Focus on building your health, wealth, and relationships to improve your life. It's often a gap in knowledge or an inability to communicate that causes problems in these areas. Mental models are a way to improve both.
Imagine being able to have a productive, enlightening discussion with friends and family. A debate where everyone understands and accepts that differences of opinion exist. And those differences are a feature, not a bug, of a vibrant, rational world.
Or, imagine looking at yourself in the mirror. And in your reflection, you see a confident person—someone who knows that they're making the best decisions possible. You're free from worry and second-guessing. And you know that if something terrible happens, you'll stand up and deal with it with the calm and control of James Bond.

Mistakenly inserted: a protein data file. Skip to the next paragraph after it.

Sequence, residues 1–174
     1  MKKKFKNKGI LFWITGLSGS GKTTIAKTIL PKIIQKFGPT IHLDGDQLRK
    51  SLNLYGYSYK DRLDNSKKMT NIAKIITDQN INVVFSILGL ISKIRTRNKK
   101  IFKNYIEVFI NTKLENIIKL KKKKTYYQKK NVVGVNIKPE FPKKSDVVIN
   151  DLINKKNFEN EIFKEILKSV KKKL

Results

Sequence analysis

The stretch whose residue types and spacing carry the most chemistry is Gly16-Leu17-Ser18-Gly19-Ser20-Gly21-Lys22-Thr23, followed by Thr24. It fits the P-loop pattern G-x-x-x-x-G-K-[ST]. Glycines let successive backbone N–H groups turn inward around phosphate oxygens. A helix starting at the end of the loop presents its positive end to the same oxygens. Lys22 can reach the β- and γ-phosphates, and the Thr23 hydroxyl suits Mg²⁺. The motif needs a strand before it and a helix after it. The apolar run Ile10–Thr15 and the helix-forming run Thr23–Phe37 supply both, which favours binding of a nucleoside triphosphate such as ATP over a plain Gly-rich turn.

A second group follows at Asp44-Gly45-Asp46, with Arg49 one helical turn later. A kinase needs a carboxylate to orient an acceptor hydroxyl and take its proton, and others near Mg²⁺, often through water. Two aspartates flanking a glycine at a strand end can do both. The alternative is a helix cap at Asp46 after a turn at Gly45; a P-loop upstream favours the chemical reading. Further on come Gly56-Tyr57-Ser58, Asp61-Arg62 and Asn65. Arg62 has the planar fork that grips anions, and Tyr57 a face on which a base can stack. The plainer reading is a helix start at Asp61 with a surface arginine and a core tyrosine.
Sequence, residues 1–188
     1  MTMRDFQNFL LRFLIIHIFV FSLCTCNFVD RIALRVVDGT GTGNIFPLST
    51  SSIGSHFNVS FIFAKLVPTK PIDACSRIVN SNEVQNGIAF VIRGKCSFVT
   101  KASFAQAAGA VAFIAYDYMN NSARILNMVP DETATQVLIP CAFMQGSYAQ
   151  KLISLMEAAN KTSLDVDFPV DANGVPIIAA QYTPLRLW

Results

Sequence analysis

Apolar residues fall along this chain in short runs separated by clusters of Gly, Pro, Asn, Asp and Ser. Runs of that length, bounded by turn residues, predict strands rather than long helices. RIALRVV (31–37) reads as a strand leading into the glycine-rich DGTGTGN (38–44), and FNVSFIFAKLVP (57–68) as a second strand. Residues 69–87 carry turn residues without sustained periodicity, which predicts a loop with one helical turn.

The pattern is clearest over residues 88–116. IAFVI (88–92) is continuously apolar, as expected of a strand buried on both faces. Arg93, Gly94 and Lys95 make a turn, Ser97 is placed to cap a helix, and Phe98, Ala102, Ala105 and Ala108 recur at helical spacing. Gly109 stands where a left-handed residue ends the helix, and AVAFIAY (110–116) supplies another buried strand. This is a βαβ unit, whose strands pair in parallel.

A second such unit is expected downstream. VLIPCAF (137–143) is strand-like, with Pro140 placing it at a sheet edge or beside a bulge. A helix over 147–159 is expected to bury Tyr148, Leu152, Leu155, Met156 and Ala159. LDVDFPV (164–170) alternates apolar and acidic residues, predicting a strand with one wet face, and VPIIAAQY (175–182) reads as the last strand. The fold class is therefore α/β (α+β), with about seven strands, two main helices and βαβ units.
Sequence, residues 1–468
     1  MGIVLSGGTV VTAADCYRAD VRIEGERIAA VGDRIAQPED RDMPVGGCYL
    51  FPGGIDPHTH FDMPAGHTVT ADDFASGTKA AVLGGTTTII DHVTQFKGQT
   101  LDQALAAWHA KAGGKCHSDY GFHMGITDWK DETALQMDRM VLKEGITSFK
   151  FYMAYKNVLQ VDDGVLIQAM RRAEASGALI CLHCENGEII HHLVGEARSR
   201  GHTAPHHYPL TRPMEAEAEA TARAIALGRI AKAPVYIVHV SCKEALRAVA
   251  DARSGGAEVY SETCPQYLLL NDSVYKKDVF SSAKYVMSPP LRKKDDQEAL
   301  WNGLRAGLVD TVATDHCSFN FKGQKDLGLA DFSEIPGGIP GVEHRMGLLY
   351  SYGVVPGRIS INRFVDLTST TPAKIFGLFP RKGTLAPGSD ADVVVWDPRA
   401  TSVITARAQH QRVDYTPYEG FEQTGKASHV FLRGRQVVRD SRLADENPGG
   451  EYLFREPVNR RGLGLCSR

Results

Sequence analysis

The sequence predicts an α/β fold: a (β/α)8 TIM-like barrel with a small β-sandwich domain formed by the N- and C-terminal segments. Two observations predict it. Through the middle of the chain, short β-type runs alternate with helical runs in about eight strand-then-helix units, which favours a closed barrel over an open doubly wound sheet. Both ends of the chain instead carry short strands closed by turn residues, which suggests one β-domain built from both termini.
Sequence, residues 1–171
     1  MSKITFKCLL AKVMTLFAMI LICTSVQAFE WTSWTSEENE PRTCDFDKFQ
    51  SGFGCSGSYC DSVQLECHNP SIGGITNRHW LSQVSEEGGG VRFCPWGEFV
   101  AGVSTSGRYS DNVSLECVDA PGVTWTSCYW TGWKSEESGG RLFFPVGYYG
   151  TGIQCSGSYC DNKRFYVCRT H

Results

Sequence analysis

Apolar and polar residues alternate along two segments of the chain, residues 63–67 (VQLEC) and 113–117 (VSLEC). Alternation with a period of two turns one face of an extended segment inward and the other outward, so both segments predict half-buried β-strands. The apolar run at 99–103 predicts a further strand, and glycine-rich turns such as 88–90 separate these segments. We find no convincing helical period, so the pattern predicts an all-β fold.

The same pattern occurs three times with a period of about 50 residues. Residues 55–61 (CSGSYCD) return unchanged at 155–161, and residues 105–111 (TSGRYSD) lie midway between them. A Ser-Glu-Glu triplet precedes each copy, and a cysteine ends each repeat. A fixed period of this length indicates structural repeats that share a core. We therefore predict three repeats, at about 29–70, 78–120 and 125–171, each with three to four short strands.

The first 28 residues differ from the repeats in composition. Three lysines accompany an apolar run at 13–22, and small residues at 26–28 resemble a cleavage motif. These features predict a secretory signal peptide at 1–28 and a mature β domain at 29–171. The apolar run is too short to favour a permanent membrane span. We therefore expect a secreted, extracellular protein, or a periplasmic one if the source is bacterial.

That's the power of a mental model.
In this episode of Mentally Unscripted, Paul and Scott discuss their top mental models.
You'll notice that Scott's mental models are foundational principles. As such, they're helpful in many situations. Paul's, meanwhile, are less ubiquitous but more powerful. You may not use them as often, but they pack more of a punch.
After listening to this episode, you'll understand the power of mental models.
What did you think of our mental models? Agree with our choices or disagree? Any mental models you think we missed? Let us know in the comments.
Resources mentioned in this episode:
Thinking Fast and Slow
Mental models, biases, and fallacies mentioned in this episode:
Fundamental attribution error
False consensus effect
Illusion of control
System 1 / system 2 thinking